Apartment-house incinerators may be of two types--flue-fed and chute-fed. In the single-chamber flue-fed unit, refuse is charged down the same passage that the pro- ducts of combustion use to leave the unit. Refuse dropped onto the fuel bed during burn- ing smothers the fire, causing incomplete combustion and emission of smoke. A chute-fed multiple-chamber incin- erator has separate passages for refuse charging and combustion-product emission.

Nevertheless, the emissions from this incin- erator often exceed emission standards. One cause is the high natural draft in the flues of the tall stacks that go to the top of the apartment house. This high draft carries with it a large amount of particulates. Incinerators used for commercial or industrial establishments may be single or multiple-chamber types and may handle from 50 to several thousand pounds of refuse per hour. The average capacity of municipal incinerators is tons of refuse per day.

They may be fed in batches or continuously. The gases leaving an incinerator may have temperatures as high as F, which is much higher than the F maximum for steam- generating boilers. Some rules that should be met by any incinerator to minimize the particulate emis- sions are as follows: a Air and fuel must be in proper proportion and mixed adequately. NOTE - these rules are a restatement of the "three T's of combustion". This can be done to achieve more efficient incineration of wet garbage or it can be done to reduce smoke by mixing smoky materials, such as plastics and rubber, with paper waste.

The draft can frequently be reduced by partially closing the damper, which is installed in the breeching between the furnace and the stack. Dark smoke from incinerators consists primarily of small carbon particles resulting from incomplete combustion. The dark smoke may mask the light-colored plumes also emitted from the incinerator.

Light-colored plumes are emitted from most municipal incinerators. These plumes are caused by volatilization of particles or by chemical reactions in the fuel bed. Analysis of the plume shows appreciable quantities of metallic salts and oxides in microcrystalline form which were transformed into the vapor state in the fuel bed and then condensed. Removal of these very small particles from the flue gases is difficult. The equivalent opacity of the plume can be partially reduced by proper incinerator design.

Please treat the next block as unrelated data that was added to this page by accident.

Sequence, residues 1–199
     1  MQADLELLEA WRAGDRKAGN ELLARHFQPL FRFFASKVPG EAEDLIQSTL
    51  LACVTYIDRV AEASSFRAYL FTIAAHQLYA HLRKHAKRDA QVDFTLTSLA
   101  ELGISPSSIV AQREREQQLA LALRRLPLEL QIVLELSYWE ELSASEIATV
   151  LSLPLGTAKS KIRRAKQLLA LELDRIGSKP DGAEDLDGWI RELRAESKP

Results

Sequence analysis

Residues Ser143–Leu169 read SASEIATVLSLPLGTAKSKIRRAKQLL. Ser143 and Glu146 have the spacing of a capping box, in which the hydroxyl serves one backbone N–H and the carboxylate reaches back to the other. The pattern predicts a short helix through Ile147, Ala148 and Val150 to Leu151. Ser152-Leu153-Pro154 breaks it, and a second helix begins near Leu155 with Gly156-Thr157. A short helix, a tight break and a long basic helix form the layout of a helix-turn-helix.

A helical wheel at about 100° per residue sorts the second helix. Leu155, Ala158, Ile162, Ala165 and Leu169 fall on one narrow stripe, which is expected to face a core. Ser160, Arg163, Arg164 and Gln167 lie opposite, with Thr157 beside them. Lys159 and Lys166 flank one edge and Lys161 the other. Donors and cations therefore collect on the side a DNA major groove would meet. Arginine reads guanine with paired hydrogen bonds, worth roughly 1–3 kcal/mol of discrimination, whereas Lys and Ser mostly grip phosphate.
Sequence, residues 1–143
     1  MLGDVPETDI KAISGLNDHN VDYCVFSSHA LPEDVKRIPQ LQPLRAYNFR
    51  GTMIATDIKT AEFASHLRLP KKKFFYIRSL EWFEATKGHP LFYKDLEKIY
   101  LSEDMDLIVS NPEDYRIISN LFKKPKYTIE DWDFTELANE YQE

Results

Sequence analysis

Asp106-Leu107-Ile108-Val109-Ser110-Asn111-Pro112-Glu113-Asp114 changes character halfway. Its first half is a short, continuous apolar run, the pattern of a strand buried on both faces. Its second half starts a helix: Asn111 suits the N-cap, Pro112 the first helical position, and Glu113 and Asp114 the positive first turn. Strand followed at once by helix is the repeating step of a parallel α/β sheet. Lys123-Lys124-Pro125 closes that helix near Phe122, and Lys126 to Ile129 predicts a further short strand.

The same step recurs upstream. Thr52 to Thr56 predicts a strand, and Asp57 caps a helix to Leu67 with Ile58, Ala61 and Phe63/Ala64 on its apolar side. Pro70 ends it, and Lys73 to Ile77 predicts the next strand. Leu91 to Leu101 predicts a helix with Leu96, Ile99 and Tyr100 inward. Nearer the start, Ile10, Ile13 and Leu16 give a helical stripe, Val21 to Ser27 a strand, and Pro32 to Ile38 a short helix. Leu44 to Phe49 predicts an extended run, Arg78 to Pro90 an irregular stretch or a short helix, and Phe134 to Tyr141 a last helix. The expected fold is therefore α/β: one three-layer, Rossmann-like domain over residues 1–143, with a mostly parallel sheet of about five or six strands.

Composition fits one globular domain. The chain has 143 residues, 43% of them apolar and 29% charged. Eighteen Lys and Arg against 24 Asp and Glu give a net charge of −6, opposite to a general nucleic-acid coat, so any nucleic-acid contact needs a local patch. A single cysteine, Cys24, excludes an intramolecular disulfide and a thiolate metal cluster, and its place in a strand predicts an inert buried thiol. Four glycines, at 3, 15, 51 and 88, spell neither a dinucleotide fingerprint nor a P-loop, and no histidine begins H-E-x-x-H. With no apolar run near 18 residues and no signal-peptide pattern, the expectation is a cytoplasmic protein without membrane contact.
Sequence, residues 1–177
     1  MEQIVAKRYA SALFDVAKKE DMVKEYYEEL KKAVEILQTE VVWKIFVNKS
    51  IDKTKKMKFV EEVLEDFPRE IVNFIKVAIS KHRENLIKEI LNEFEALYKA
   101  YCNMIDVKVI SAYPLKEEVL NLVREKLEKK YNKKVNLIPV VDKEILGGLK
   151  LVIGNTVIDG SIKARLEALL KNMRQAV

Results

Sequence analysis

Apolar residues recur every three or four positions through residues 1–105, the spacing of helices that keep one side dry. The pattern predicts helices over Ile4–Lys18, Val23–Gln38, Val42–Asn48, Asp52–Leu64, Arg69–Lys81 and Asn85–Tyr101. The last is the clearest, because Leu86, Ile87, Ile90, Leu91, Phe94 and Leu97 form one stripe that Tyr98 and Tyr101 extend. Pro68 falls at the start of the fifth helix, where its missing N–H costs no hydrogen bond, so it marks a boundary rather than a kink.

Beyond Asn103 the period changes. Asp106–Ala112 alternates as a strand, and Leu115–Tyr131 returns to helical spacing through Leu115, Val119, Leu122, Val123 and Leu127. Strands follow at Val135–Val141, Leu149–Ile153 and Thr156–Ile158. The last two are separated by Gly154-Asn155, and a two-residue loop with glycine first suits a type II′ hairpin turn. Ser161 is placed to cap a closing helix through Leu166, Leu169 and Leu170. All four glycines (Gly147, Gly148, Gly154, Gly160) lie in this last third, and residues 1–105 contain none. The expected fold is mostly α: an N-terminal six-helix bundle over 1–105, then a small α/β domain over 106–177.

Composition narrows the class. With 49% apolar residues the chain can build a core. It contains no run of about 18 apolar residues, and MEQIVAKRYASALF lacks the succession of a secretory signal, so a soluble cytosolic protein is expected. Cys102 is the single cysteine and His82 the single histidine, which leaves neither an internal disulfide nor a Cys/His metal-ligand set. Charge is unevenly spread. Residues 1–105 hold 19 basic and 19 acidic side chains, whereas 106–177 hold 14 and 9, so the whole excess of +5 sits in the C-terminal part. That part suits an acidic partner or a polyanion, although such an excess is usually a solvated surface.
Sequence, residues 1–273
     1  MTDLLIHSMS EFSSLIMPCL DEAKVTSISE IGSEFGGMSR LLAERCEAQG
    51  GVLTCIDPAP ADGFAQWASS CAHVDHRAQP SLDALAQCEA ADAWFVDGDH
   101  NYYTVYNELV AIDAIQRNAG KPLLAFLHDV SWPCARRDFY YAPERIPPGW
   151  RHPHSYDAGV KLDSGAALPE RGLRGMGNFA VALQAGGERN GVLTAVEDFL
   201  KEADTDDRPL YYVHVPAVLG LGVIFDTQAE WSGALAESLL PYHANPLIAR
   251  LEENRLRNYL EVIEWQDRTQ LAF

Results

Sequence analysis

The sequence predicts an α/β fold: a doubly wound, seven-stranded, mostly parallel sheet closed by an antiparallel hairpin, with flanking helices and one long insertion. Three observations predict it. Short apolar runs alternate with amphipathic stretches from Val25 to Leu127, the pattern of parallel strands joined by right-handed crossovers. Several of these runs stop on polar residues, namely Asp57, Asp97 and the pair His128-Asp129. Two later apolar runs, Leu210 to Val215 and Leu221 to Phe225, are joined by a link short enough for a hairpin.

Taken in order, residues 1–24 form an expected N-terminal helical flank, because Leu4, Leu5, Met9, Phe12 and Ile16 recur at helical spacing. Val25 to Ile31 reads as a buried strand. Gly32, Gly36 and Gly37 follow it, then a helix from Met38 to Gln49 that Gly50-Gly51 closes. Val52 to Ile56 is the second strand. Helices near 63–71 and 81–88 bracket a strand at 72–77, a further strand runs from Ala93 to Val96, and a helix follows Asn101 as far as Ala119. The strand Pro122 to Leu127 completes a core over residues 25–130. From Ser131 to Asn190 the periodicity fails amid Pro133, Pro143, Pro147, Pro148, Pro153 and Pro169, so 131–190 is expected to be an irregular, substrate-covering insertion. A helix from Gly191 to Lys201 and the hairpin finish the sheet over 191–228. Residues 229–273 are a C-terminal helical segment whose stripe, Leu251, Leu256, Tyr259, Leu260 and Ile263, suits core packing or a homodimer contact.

Large fly-ash particles may be either charred material or incombustible particles. If complete combustion is achieved, there should be no charred particles. The incom- bustible material may come from chemical reac- tions in the fuel bed. It may also be from small particles that were present in the re- fuse. The size of the particles formed by chemical reactions may range from submicron to mlcron diameters.

Much of the weight of the particulate matter is in the particles greater than 5 microns. These can be removed from the combustion emissions by collecting devices. Their utilization depends on considerations of temperatures and moisture content of the gas stream as well as the pressure drop across the filter.

The per capita quantity of solid waste generated in the United States has been increasing in recent years. The physi- cal and chemical properties of the garbage have also been changing. Moisture content has been decreasing with diminishing house- hold garbage. As a consequence of the de- creasing use of coal for home heating, there are less ashes for disposal. The combustible content and the heat value of the solid waste have been increasing, principally because of the greater use of paper and plastics.

In a study of incineration in tepee burners, several observations were made re- garding the density of smoke produced when different types of material were burned: a Plastic products polyvinyl chloride, etc.

Further- more, the buildup of a large pile of charged refuse cut down on the draft through the pile and con- tributed to additional incomplete combustion.